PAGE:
The project’s principle aim will be the restoration of 235 acres (95 hectares) of cleared forest in South Nandi, which is part of a forest complex that is home to an Important Bird and Biodiversity Area and the endangered Turner’s Eremomela (Eremomela turneri).
The second year commitment to the project comes after the need for a long-term strategy for forest restoration in South Nandi.
“Managing the successful growth to maturity of newly planted trees is a key to the success of forest conservation,” explains Roger Wilson, Senior Conservationist (Special Projects Development) and advisor to Nature Kenya. “If we are to ensure the trees are properly maintained, we must think in terms of a multi-year project. One year of planting implies three to five years of protection, so we have built in moderate levels of targeted, ongoing funding to ensure a positive outcome for the project in the long term.”
The project, which is being implemented on the ground by Nature Kenya, uses a network of ‘site support groups’ (SSGs) made up of local people engaged in practical conservation as model for conservation. In South Nandi, the South Nandi Biodiversity Conservation Group is influential in establishing Community Forest Associations (CFAs), which help develop sustainable nature based enterprises, and raise awareness of the sustainable use of natural resources.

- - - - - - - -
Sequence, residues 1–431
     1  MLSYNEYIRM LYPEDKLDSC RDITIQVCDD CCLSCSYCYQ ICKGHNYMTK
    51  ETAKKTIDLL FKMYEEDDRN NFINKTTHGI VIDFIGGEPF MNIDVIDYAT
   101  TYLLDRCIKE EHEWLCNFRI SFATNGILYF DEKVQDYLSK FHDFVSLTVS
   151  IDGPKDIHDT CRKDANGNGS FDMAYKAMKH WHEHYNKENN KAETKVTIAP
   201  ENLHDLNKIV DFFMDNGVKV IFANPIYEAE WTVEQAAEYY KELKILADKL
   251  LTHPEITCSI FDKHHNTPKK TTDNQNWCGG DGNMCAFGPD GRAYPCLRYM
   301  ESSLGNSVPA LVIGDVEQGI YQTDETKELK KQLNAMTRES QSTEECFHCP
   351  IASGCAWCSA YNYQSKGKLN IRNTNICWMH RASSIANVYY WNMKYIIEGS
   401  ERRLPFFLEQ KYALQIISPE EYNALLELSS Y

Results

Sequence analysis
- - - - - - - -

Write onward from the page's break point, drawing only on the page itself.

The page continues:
Another part of the project is to establish woodlots outside the forest complex. The woodlots provide local Kenyans living near the forest with fuel and timber, which relieves pressure on the remaining forest. In 2014, 65,000 trees will be planted in village woodlots and 30,000 trees will be provided for school woodlots.
In addition to school woodlot establishment, environmental education with incorporated into the curriculum to enhance the practice, understanding and importance of conservation among children and young people.
Ed Butt – May 2014